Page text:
Keeping Secrets Safe with Azure Key Vault and Managed Service Identities

By Tim Archer| February 13, 2019

Secrets are meant to be kept safe. This is especially true if those secrets are of sensitive nature -- like passwords, storage account access, and API authorization keys. If your secrets are kept in the production version of your application configuration and versioned in source control, this is creating a couple of issues:

  1. Developers have access to production credentials. You typically want to only give access to credentials on an as-needed basis. For example, a team creating a credit card processing application does not normally need the credentials to the production payment gateway. Imagine if the whole team was able to get the production credentials because it was checked into source control. They could then write rogue programs that integrate with the gateway and issue refunds for example.
  2. Administrators are dependent on developers to access important information. Administrators who need to rebuild and deploy the application must rely on developers to rotate service account passwords or API keys. This creates an unnecessary dependency.

In this post, I’m going to provide some suggestions on how to store your secrets better using Azure Key Vault and Managed Service Identities.

Azure Key Vault

Organizations and development teams today are moving in a direction where they want to keep production service account passwords out of source control and away from the developers. At the same time, they need the flexibility to securely rotate keys without application downtime.

Azure Key Vault is a cloud service that safeguards encryption keys and secrets (such as certificates, connection strings, and passwords). Essentially, it serves as a wallet, providing separation between the application and the cryptography needed by that application. For example, an application may need to connect to a database. Instead of storing the connection string in the app’s code, you can store it securely in Key Vault. By not having to store security information in the application, you can significantly reduce the chances that secrets may be accidentally leaked.

In addition to centralizing and securely storing secrets, Azure Key Vault simplifies the administration and management of secrets. Through the Azure portal, administrators can easily change passwords without requiring a developer. They can also create separate Key Vaults and control access to them appropriately. For example, you may have a Key Vault designed to store the credentials for all dev and test services which the development teams can access. And then you could have a production Key Vault that only a few sys admins and the production applications themselves can access.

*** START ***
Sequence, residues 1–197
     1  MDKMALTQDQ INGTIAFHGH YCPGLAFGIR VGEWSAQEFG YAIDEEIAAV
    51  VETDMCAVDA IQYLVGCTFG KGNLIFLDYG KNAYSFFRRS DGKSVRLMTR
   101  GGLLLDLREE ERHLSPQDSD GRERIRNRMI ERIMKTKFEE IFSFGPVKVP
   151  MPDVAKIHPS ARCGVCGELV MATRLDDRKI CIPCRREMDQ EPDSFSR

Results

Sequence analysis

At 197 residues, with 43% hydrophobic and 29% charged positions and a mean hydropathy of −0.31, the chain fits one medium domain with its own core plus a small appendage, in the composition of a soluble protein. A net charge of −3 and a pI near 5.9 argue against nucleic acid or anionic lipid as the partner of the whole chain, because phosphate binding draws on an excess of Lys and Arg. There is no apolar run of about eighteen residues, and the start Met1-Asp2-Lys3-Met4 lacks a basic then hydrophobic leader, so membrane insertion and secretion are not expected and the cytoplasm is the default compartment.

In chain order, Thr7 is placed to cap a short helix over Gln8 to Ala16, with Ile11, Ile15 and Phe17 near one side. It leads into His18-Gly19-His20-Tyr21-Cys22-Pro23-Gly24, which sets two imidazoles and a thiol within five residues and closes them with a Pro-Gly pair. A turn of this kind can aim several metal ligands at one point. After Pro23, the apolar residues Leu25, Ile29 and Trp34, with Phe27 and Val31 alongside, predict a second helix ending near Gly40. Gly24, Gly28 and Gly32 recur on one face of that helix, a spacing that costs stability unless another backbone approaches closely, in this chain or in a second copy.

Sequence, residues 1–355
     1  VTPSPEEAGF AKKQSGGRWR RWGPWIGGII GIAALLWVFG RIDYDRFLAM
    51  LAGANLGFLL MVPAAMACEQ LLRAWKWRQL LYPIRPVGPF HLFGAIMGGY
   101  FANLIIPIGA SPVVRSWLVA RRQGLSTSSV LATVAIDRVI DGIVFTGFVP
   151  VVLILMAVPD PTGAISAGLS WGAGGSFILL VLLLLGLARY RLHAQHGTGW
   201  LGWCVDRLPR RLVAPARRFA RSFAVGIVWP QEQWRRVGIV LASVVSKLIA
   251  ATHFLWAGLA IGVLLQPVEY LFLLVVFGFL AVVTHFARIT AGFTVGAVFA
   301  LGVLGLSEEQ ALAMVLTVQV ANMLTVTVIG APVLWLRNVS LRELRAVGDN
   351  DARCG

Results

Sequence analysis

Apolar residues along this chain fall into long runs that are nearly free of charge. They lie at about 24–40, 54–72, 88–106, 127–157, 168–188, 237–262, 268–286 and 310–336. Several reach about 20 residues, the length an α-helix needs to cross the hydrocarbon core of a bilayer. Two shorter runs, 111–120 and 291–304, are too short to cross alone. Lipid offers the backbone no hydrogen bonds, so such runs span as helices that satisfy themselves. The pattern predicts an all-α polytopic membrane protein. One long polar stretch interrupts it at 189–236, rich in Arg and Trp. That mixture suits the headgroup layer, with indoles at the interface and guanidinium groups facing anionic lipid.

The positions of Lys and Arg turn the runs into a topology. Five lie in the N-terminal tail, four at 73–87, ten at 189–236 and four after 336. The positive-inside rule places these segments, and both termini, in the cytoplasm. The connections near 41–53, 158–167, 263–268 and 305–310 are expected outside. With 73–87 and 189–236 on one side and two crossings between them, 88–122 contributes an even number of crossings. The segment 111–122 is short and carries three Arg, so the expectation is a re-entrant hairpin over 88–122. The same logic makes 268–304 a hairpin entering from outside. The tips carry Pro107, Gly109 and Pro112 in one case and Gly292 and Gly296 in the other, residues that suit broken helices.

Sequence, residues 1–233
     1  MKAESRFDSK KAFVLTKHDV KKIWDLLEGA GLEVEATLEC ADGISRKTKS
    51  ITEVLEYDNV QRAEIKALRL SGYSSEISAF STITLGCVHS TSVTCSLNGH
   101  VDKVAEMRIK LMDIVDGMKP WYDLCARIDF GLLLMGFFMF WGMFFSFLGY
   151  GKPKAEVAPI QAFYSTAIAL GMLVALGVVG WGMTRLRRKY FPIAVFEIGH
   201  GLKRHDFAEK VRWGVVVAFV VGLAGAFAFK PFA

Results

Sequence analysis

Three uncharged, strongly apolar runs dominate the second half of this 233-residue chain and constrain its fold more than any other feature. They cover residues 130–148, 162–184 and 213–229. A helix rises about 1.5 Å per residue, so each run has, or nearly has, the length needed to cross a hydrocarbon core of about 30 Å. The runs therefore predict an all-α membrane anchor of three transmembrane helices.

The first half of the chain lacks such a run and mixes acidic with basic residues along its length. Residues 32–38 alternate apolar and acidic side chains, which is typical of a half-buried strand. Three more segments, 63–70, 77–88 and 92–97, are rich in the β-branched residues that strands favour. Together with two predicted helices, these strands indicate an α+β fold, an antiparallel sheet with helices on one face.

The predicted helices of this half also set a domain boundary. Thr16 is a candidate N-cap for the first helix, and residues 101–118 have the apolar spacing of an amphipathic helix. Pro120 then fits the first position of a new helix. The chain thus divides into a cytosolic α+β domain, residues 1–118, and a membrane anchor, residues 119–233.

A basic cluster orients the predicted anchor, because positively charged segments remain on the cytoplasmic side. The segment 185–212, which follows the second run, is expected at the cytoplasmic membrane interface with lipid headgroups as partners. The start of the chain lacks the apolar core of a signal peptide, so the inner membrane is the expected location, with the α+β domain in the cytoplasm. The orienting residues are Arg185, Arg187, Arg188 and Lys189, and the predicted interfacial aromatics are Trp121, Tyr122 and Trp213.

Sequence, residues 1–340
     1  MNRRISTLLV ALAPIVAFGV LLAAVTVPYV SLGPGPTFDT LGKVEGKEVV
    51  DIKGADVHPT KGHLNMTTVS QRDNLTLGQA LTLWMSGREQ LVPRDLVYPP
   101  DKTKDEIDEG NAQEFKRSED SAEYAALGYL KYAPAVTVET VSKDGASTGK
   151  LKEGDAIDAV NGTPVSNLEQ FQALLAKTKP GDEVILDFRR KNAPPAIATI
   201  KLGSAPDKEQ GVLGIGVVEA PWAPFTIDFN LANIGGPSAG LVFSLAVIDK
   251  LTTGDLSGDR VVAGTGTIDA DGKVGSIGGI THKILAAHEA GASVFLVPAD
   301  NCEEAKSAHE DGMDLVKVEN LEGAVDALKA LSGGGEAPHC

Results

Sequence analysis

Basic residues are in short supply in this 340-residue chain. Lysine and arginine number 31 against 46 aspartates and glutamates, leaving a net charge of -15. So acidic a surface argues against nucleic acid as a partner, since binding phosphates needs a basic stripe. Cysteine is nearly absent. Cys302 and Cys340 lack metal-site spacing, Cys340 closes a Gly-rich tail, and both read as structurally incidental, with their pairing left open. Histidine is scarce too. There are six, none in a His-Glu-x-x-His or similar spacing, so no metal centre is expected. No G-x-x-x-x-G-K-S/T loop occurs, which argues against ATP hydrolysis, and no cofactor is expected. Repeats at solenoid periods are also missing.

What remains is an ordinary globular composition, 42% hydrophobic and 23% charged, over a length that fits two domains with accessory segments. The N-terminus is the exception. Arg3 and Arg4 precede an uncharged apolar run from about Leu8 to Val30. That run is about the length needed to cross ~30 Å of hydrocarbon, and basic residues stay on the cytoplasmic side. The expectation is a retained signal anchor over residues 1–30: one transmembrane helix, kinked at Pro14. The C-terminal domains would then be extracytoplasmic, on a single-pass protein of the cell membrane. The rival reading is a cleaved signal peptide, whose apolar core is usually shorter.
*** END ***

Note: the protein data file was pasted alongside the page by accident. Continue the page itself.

Managed Service Identities

Azure Key Vault provides a way to securely store secrets and credentials, but there still needs to be a credential exchange for the application to retrieve them. Invariably, this sets you back to square one, in which the master Key Vault access credential was stored in the application configuration and source control.

Managed Service Identities work in conjunction with Key Vault to solve this problem. With Managed Service Identities, you can now give your application infrastructure (i.e. virtual machines and web apps) an identity that is permitted to access the Key Vault. This ensures your application does not need to be given credentials to Key Vault.

What this could look like is your sys admin manages the resources, their identities, and permissions to access the Key Vaults, as well as other services such as databases and storage accounts. As long as the application is running on one of these services, which has a Managed Service Identity, access can be granted to resources at a very granular level without requiring the application to exchange credentials with the resource. Key rotation is very easy by simply going into the Azure portal and using the graphical interface to update a key's value. You now have an application where the secrets are out of source control and the developers don’t have access to them.

Bottom Line

Azure Key Vault is an excellent solution for securely storing your secrets. In addition, Managed Service Identity helps to simplify the management of your resources, their identities, and permissions to access Key Vaults without a developer’s intervention. For teams looking to migrate their applications to Azure, I strongly encourage you to consider Key Vaults and Managed Service Identity as a solution to securely store and manage your sensitive information.

If you’d like to learn more about how to improve your DevOps capabilities and secrets management strategies, contact us to discuss your unique business requirements and challenges.


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